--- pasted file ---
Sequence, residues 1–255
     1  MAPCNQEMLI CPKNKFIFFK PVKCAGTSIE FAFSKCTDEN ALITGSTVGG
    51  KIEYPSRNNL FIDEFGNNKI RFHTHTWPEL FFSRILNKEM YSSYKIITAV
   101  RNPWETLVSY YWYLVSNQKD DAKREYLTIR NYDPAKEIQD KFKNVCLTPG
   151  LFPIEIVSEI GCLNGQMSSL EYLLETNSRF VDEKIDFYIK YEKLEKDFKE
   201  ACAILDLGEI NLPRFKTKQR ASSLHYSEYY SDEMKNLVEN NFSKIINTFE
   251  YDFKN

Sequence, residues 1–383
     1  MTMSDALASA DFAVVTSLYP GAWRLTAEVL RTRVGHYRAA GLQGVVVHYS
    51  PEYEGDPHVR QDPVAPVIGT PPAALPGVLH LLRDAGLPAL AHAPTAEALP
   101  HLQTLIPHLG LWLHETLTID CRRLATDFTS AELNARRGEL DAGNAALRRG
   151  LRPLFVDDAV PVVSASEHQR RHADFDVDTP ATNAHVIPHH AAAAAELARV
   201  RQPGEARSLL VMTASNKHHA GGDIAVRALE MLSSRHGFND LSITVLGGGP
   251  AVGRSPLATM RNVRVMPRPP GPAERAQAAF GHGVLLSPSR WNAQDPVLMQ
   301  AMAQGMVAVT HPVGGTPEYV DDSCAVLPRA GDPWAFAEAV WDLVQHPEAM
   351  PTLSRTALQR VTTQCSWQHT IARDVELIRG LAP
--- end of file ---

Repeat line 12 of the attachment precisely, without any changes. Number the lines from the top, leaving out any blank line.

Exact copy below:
   151  LRPLFVDDAV PVVSASEHQR RHADFDVDTP ATNAHVIPHH AAAAAELARV